# XIRR

The `XIRR` function in Google Sheets calculates the internal rate of return (IRR) for a series of cash flows that occur at irregular intervals. It returns the annualized percentage rate earned by an investment, taking into account the dates on which each payment was made. The function is most commonly used in financial analysis to compare the returns on different investment opportunities.

## Usage

Use the `XIRR` formula with the syntax shown below, it has 2 required parameters and 1 optional parameter:

Parameters:
1. cashflow_amounts (required):
An array or range of cells that contain the cash flow amounts for the investment. Positive values represent cash inflows, and negative values represent cash outflows. The first value must be negative and represents the initial investment.
2. cashflow_dates (required):
An array or range of cells that contain the dates on which the cash flows occur. The first date must correspond to the initial investment and be expressed as a negative number representing the number of days between the investment date and the cash flow date.
3. rate_guess (optional):
An optional guess for the rate of return, expressed as a percentage. If omitted, Google Sheets uses a default value of 10%.

## Examples

Here are a few example use cases that explain how to use the `XIRR` formula in Google Sheets.

### Calculate IRR for a single investment

Suppose you invested \$10,000 in a project and received cash inflows of \$1,000, \$2,000, and \$3,000 in the first, second, and third years, respectively. You can use the `XIRR` function to calculate the annualized rate of return on this investment, taking into account the exact dates on which each payment was made.

### Compare the returns on multiple investments

Suppose you are considering investing in two different projects, each of which has a different pattern of cash flows over time. You can use the `XIRR` function to calculate the IRR for each project and compare the returns to determine which investment opportunity is better.

### Analyze the profitability of a real estate investment

Suppose you are considering purchasing a rental property and want to estimate the annualized rate of return you can expect based on the expected rental income and expenses. You can use the `XIRR` function to calculate the IRR for the cash flows associated with the property and determine whether the investment is likely to be profitable.

## Common Mistakes

`XIRR` not working? Here are some common mistakes people make when using the `XIRR` Google Sheets Formula:

### Incorrect cash flow amounts

One common mistake when using XIRR is inputting incorrect cash flow amounts. This can happen if the amounts are not properly aligned with the corresponding dates, or if there are missing or extra entries in the cash flow amounts. To correct this, make sure that the amounts are properly aligned with the dates and that there are no missing or extra entries.

### Incorrect cash flow dates

Another common mistake when using XIRR is inputting incorrect cash flow dates. This can happen if the dates are not in the correct format or if there are missing or extra entries in the cash flow dates. To correct this, make sure that the dates are in the correct format and that there are no missing or extra entries.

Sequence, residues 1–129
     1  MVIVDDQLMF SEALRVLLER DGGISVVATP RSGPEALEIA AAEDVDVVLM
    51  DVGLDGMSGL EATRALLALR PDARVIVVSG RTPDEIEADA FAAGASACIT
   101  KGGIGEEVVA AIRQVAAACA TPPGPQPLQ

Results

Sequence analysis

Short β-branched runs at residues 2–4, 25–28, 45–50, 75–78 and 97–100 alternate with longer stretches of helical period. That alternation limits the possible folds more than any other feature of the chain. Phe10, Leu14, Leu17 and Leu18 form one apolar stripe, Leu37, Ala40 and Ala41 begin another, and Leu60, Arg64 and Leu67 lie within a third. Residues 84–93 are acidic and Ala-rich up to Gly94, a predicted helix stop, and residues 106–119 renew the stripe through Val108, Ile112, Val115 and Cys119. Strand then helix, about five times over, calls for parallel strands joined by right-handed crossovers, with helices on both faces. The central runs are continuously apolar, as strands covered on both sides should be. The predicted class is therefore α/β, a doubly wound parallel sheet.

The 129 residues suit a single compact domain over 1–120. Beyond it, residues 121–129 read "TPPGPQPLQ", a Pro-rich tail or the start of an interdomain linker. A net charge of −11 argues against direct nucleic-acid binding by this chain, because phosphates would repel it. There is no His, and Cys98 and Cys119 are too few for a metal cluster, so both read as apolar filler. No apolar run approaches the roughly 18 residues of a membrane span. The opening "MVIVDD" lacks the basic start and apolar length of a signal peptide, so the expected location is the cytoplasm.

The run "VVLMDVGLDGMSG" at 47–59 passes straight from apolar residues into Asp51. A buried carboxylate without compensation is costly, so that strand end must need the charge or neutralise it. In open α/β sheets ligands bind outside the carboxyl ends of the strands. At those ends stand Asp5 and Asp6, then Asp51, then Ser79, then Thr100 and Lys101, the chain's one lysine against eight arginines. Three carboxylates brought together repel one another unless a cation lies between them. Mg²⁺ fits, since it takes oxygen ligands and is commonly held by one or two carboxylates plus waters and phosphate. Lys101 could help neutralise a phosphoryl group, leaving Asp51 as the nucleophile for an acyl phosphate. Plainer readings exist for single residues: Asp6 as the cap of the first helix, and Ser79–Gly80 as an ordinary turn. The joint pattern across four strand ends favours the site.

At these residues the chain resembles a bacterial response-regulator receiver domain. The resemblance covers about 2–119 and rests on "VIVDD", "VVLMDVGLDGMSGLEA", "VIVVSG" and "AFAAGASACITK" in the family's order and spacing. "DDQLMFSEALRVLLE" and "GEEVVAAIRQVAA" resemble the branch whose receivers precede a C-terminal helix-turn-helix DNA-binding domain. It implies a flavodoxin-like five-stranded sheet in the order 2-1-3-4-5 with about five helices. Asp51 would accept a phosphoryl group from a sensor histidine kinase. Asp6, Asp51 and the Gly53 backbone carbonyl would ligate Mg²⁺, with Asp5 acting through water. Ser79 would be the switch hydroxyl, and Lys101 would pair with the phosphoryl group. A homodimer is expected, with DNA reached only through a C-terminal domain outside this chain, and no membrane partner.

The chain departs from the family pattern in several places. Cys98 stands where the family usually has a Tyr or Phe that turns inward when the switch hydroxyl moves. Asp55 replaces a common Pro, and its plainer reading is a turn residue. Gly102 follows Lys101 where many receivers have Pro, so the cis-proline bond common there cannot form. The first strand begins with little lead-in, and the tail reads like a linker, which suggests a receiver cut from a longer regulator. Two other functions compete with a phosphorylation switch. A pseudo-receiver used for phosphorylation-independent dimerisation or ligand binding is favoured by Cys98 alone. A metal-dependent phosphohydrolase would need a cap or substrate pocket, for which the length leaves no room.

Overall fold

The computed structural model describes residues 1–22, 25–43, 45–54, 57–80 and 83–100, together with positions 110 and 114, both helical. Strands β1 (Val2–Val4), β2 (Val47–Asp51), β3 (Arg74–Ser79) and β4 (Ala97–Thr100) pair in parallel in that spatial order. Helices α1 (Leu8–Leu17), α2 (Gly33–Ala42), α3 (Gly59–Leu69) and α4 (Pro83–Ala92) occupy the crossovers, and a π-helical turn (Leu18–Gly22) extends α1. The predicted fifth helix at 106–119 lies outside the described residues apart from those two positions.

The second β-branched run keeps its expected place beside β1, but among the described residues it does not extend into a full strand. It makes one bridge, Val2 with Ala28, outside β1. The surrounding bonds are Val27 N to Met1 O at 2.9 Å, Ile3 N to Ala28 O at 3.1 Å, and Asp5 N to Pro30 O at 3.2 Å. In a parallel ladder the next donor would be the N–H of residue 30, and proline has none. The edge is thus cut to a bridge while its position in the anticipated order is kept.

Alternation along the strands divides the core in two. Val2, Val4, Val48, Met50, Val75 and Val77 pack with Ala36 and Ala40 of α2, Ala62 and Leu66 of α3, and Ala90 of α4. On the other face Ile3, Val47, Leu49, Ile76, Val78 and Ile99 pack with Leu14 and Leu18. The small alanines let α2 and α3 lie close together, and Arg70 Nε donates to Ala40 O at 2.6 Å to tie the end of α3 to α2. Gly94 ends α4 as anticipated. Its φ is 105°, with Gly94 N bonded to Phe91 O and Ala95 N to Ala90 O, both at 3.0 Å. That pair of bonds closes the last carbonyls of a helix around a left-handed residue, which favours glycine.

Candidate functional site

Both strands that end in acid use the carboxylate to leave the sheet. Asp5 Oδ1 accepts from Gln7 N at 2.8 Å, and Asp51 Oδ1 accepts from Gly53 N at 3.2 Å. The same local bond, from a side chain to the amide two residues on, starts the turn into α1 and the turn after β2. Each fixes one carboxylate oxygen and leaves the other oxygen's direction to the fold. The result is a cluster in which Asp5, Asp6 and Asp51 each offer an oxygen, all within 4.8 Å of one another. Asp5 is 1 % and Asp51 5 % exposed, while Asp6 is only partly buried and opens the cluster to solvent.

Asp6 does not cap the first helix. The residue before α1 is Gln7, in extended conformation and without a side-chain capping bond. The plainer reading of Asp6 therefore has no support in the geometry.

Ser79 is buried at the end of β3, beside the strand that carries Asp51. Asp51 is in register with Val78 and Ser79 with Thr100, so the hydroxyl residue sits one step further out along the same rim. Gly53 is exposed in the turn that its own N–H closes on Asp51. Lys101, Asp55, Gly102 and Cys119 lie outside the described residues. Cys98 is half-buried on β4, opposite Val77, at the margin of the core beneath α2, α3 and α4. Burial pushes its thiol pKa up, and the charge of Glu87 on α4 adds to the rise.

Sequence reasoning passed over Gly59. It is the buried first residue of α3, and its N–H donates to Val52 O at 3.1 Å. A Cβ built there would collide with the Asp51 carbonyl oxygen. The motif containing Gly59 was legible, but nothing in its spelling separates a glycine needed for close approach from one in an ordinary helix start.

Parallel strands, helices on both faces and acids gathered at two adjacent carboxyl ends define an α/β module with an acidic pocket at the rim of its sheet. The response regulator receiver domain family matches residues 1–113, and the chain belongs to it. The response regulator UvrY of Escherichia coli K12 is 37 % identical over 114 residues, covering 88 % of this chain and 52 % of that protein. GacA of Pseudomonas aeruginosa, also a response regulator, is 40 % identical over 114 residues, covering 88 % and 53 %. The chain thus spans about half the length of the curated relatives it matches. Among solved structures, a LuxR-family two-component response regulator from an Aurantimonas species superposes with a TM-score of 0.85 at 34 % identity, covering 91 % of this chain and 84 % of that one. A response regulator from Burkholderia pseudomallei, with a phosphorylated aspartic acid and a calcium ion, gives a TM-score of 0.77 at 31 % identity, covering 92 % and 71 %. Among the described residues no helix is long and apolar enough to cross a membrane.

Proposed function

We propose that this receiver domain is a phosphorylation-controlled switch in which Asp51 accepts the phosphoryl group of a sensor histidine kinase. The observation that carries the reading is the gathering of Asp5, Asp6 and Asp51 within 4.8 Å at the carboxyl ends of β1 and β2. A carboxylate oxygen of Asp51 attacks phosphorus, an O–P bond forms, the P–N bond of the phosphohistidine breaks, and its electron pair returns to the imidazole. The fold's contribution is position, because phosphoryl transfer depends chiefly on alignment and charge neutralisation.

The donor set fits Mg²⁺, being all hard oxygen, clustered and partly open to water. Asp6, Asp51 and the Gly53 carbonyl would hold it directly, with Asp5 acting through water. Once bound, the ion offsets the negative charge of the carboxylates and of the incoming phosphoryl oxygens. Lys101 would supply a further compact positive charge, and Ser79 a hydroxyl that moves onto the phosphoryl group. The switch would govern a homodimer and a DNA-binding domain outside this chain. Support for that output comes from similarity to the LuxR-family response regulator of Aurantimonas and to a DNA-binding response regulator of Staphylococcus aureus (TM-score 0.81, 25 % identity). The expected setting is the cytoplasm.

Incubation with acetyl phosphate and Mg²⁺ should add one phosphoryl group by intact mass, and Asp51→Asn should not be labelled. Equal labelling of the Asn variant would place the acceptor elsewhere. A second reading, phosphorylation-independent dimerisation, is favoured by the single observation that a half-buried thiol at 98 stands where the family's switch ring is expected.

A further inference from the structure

### Incorrect rate guess

A common mistake when using XIRR is inputting an incorrect rate guess. This can happen if the rate guess is too high or too low, which can cause the function to return an error or an incorrect result. To correct this, try adjusting the rate guess to a more appropriate value.

The following functions are similar to `XIRR` or are often used with it in a formula:

• `IRR`

The `IRR` function is used to calculate the Internal Rate of Return for a series of cash flows. The IRR is the interest rate at which the Net Present Value of the cash flows equals zero. It is commonly used to evaluate potential investments or projects.

• `NPV`

The `NPV` function calculates the net present value of a series of cash flows, discounted by a specified rate. It is commonly used to determine the present value of an investment, where the cash flows represent incoming and outgoing payments. The function takes a discount rate and one or more cash flow values as input.

• `XNPV`

The `XNPV` function calculates the net present value of a series of cash flows that occur at irregular intervals. It discounts each cash flow by a discount rate that is supplied by the user. It is commonly used in financial analysis to determine the value of investments or to evaluate the profitability of projects.

• `PMT`

The `PMT` formula in Google Sheets is a financial function that calculates the periodic payment required to fully pay off a loan or investment based on a constant interest rate and a fixed number of payments. It is commonly used to determine loan payments, mortgage payments, and annuity payments.

• `FV`

The `FV` function calculates the future value of an investment based on periodic constant payments and a constant interest rate. It takes into account the present value of the investment, the number of periods in which the payments are made, and the compounding frequency. This formula is commonly used in financial planning and investment analysis.

You can learn more about the `XIRR` Google Sheets function on Google Support.